Top Seven Network Attack Types So Far In 2015

Thomas Fox is president of Tech Experts, southeast Michigan’s leading small business computer support company.

There’s no doubt that small businesses are under attack from hackers and cyber-criminals. Typically, small companies have less secure networks and looser security standards, making them easy targets.

The latest Threat Report from McAfee Labs details the types of attacks against small businesses. The chart shows the most common network attacks detected in Q1 2015.

Denial of service attacks – 37%
A denial of service (DOS) attack attempts to make a resource, such as a web server, unavailable to users. These attacks are very common, accounting for more than one-third of all network attacks reviewed in the report.

A common approach is to overload the resource with illegitimate requests for service. The resource cannot process the flood of requests and either slows or crashes.

Distributed denial of service (DDoS) attacks are popular today. This approach distributes the task to a number of computers.


Brute force – 25%
Some attacks look for a back way in, but a brute force attack tries to kick down the front door. It’s a trial-and-error attempt to guess a system’s password.

One in four network attacks is a brute-force attempt. Automated software is often used to guess hundreds or thousands of password combinations. There are many ways to defend against brute force attacks, but the simplest is to lock accounts after a number of failed login attempts.

Browser attacks – 9%
Browser-based attacks target end users who are browsing the Internet. The attacks may encourage them to download malware disguised as a fake software update or application.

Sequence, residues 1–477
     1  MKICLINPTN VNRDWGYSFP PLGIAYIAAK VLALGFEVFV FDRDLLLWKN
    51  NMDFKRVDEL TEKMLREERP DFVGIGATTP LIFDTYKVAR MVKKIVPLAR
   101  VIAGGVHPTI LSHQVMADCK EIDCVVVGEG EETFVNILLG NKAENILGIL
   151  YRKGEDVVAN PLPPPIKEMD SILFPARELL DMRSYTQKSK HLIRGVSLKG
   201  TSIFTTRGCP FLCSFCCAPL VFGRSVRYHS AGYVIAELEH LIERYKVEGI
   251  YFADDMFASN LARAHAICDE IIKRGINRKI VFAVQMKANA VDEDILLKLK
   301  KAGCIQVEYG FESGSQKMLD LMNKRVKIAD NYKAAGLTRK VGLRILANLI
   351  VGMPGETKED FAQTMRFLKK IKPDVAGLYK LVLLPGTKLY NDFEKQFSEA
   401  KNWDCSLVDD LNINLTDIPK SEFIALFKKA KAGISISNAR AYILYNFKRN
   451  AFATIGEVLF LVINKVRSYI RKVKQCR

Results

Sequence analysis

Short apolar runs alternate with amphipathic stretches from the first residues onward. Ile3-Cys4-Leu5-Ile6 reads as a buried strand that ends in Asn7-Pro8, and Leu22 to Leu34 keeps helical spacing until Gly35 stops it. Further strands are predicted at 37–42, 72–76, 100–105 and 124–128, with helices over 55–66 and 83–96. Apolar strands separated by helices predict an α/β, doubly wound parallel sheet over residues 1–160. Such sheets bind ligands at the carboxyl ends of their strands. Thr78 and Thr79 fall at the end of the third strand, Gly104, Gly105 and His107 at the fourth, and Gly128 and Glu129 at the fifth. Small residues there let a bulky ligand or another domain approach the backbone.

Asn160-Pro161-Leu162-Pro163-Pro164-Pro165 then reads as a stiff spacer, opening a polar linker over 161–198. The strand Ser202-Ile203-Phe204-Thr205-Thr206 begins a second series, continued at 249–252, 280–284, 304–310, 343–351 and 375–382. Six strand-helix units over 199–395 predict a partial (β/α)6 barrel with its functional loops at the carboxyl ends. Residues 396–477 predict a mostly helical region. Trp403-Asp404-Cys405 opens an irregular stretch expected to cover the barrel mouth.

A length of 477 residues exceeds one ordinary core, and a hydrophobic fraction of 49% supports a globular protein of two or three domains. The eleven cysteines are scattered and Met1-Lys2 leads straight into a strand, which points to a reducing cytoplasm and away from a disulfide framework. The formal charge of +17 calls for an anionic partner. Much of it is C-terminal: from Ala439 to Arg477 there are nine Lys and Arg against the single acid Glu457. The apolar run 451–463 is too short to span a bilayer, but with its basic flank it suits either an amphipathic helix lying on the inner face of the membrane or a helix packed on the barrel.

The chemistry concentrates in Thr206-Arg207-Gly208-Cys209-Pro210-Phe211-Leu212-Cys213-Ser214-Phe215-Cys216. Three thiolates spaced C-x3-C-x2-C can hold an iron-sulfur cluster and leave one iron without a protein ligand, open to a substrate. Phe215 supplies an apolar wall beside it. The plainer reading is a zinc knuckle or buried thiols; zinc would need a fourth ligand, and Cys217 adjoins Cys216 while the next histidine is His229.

One of the best ways to avoid browser-based network attacks is to regularly update web browsers and browser-related services such as Java and Flash. This helps ensure newly discovered security vulnerabilities are patched before they can be exploited.

SSL attacks – 6%
SSL attacks aim to intercept data that is sent over an encrypted connection. A successful attack enables access to the unencrypted information. SSL attacks were more popular in late 2014, but they remain prominent today, accounting for 6% of all network attacks analyzed.

Shellshock attacks – 7%
“Shellshock” refers to vulnerabilities found in Bash, a common command-line shell for Linux and Unix systems.

Backdoor attacks – 2%
A backdoor is a type of attack that bypasses normal authentication to allow remote access at will. Backdoors can be present in software by design. They can also be enabled by other programs or created by altering an existing program. Backdoors are less common and often used as part of targeted attacks.

Botnet attacks – 2%
A botnet is a group of hijacked computers that are controlled remotely by one or more malicious actors. Millions of computers can be caught in a botnet’s snare. The European Cybercrime Unit recently announced takedown of the Ramnit botnet, which infected more than 3.2 million Windows PCs.